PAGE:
Saturday, April 4, 2020
April 4, 2020

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WIAA’s attempt at competitive balance not perfect, but step in right direction

High schools: Tim Martinez

By , Columbian Assistant Sports Editor

The Washington Interscholastic Activities Association on Sunday finalized its classifications for the next four years.

And with regards to schools in our part of the state, there were no surprises.

As reported earlier this late week in The Columbian, five local schools are moving down on classification — Heritage to 3A, Hudson’s Bay and Fort Vancouver to 2A and Stevenson and Columbia Adventist to 2B.

All other local schools are staying in their current classification.

But statewide, the landscape of prep sports will see significant changes.

Under the current classifications, each of the six classifications consisted of a similar number of schools (roughly 65 in each).

But under the upcoming classification format, which will take effect starting in the 2020-21 school year, the six classifications will be imbalanced because of set enrollment thresholds.

Starting in the fall, the 4A classification will have the fewest number of schools — just 51. The 3A classification will grow to 79 schools, while 2A, 1A and 2B will change slightly (62, 60 and 61 respectively).

Class 1B will have the most schools with 85. But because many 1B schools don’t field teams in all sports, the impact of that may be minimized.

While these changing classifications will lead to other changes from makeup of leagues to state-tournament formats, the big question is whether another change to the reclassification process accomplished its goal.

Also in the process, the WIAA allowed schools to reduce the enrollment number used to place them into a classification if the school had a higher-than-average number of students in the free- or reduced-meals program.

This was the tool that the WIAA used to help provide some competitive balance to its state competition.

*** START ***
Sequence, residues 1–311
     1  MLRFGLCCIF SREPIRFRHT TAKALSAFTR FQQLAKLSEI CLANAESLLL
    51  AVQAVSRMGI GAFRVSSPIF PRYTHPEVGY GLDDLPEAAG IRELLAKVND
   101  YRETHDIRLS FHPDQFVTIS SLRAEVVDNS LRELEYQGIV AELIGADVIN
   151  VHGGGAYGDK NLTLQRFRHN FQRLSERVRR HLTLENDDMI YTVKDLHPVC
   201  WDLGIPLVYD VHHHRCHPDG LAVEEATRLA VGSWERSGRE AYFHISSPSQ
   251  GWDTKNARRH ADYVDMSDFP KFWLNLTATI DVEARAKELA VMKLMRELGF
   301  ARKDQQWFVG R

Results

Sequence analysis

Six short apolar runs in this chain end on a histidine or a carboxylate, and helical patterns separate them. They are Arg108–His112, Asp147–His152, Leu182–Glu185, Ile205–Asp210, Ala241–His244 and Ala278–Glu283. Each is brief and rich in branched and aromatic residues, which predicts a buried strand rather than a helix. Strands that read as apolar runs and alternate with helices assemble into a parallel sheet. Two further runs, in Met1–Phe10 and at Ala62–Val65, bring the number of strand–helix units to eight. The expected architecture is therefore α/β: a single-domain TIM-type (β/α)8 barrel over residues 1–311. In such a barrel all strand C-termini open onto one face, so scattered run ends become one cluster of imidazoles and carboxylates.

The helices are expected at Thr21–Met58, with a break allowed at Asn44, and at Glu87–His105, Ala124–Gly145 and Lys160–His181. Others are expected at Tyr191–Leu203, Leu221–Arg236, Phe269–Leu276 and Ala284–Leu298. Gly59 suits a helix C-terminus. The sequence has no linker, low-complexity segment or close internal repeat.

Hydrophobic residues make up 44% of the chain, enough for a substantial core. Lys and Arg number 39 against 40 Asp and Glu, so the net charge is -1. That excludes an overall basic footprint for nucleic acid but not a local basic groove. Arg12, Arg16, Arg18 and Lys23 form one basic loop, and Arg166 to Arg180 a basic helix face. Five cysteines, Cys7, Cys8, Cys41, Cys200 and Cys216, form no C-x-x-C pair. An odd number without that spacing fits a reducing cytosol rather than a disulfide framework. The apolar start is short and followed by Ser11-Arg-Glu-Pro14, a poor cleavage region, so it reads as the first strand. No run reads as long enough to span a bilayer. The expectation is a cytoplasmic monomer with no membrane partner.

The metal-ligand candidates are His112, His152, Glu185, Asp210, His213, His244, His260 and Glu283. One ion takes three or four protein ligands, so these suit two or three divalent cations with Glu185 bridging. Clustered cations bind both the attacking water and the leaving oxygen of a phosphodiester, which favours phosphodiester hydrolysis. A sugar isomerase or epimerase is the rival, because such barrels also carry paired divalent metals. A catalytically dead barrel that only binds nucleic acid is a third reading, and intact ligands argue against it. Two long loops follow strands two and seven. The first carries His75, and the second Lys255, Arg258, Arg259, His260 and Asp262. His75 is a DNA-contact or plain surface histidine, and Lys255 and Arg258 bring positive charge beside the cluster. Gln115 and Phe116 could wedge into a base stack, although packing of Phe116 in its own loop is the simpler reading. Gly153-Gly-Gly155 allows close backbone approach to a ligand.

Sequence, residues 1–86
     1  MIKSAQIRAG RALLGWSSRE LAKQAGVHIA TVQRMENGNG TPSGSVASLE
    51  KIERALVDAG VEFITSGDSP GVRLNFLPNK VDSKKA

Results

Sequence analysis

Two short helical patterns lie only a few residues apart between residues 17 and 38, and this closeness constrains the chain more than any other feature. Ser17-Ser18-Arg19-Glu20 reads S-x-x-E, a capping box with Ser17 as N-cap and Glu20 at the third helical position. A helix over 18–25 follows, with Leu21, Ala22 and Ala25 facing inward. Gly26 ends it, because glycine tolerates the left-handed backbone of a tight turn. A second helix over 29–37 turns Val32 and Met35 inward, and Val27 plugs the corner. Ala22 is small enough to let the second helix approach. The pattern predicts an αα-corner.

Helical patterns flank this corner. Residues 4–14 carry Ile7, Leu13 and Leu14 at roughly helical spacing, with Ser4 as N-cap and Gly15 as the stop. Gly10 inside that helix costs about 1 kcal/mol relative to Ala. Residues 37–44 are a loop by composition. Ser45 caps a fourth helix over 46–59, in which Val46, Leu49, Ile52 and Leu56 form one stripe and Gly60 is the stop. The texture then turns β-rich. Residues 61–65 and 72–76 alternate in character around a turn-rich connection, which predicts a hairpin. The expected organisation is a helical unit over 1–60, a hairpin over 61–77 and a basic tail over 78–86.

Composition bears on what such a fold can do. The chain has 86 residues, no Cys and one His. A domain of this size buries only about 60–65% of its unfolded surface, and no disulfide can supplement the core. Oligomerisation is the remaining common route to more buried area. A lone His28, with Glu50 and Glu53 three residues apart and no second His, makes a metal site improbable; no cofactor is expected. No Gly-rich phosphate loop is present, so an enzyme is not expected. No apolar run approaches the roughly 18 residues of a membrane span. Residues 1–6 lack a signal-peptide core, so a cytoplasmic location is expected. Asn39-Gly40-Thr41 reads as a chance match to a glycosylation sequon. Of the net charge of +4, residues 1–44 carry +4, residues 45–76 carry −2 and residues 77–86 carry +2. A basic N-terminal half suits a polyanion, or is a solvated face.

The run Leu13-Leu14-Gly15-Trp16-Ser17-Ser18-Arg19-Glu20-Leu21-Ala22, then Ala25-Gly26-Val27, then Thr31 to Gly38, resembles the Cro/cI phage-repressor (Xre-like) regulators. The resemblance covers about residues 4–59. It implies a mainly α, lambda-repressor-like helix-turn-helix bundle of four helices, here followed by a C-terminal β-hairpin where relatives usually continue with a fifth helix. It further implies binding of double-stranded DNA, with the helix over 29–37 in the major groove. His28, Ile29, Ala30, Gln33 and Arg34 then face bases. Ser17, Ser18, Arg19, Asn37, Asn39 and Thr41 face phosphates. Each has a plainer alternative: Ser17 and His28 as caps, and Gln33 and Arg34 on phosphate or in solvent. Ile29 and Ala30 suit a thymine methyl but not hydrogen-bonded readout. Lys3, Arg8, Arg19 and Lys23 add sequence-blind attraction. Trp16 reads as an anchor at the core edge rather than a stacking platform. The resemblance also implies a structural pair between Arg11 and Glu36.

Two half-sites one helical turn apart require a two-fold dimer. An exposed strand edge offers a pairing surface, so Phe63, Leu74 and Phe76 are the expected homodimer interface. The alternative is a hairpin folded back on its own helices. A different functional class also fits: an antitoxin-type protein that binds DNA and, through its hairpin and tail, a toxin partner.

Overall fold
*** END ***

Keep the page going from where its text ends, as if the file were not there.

Did the WIAA succeed? Well, only time will tell.

But if we look at past results, the short answer to that question is “yes.” The slightly longer answer is “mostly yes.”

I devised a system by which we can measure the success of every high school athletic program in the state through how they place in the team standings in 15 different sports in the first three years of the current classification (2016-17, 2017-18 and 2018-19).

It’s a four-point system in which schools receive one point for reaching the state tournament or placing in the top 16 of the team standings, up to four points for playing in the state title game or placing first or second.

I applied this to every team sports (football, volleyball, soccer, basketball, baseball and softball) as well as some individual sports (swimming, cross country, track and field and boys wrestling).

Here is what those numbers revealed.

Of the top 10 least successful 4A programs in the state, six will be moving down to 3A (Cascade of Everett, Heritage, Auburn, Kent Meridian, Jefferson and Hazen). Four of those schools were moving down on enrollment numbers alone, while two (Cascade and Kent Meridian) moved down due to their free/reduced lunch enrollment adjustment.

Three other schools could have moved down to 3A, but chose to opt back up to 4A (North Creek, Mount Rainier and Decatur).

The only school in the bottom 10 that was not helped by the new system was Mariner of Everett, which will remain at 4A

At Class 3A, four of the bottom 11 schools will be moving to 2A (Rogers of Spokane, Fort Vancouver, Hudson’s Bay and Shelton). Four other schools chose to opt back up to 3A (Mount Tahoma, Franklin, Cleveland and Chief Sealth). The other three schools that will remain at 3A are Spanaway Lake, Marysville-Getchell and Evergreen.

But 2A is where things start to change. Of the 10 least-successful programs in 2A, only one (Quincy) will be moving down to 1A.

Evergreen of Seattle, Rochester, North Mason, Tyee, Foster, Bremerton, Clover Park, Grandview, R.A. Long and Centralia will remain at 2A.

Other schools that will be allowed to move to 1A include Blaine (tied for 12th least successful), Wapato (25th) and Toppenish (35th).

Out of current 1A schools, three of the 10 least successful programs will be moving to 2B – River View, Chimacum and Highland. Three others opted to stay at 1A, private schools Forest Ridge, Eastside Prep and Annie Wright. The other four schools staying at 1A are Granite Falls, Tenino, Omak and Summit Sierra, although Summit Sierra plays sports as an independent (making it ineligible for state tournaments).

Granger and Wahluke were allowed to slide down to 2B despite being tied for the 20th most successful 1A programs in the state.

It appears that the free/reduce reduction helped schools on the east side of the state — where the cost of living is significantly lower – more than it did schools on the west side.

In the final analysis, changes made by the WIAA to deal with competitive balanced appears to have helped a lot of schools that needed help. It didn’t help all of them, while helping some that didn’t really need the help.

No solution is perfect, but this is at least a step in the right direction.

Maybe in four years, the WIAA will make it even better.

Tim Martinez is the assistant sports editor/prep coordinator for The Columbian. He can be reached at (360) 735-4538, for follow his Twitter handle @360TMart.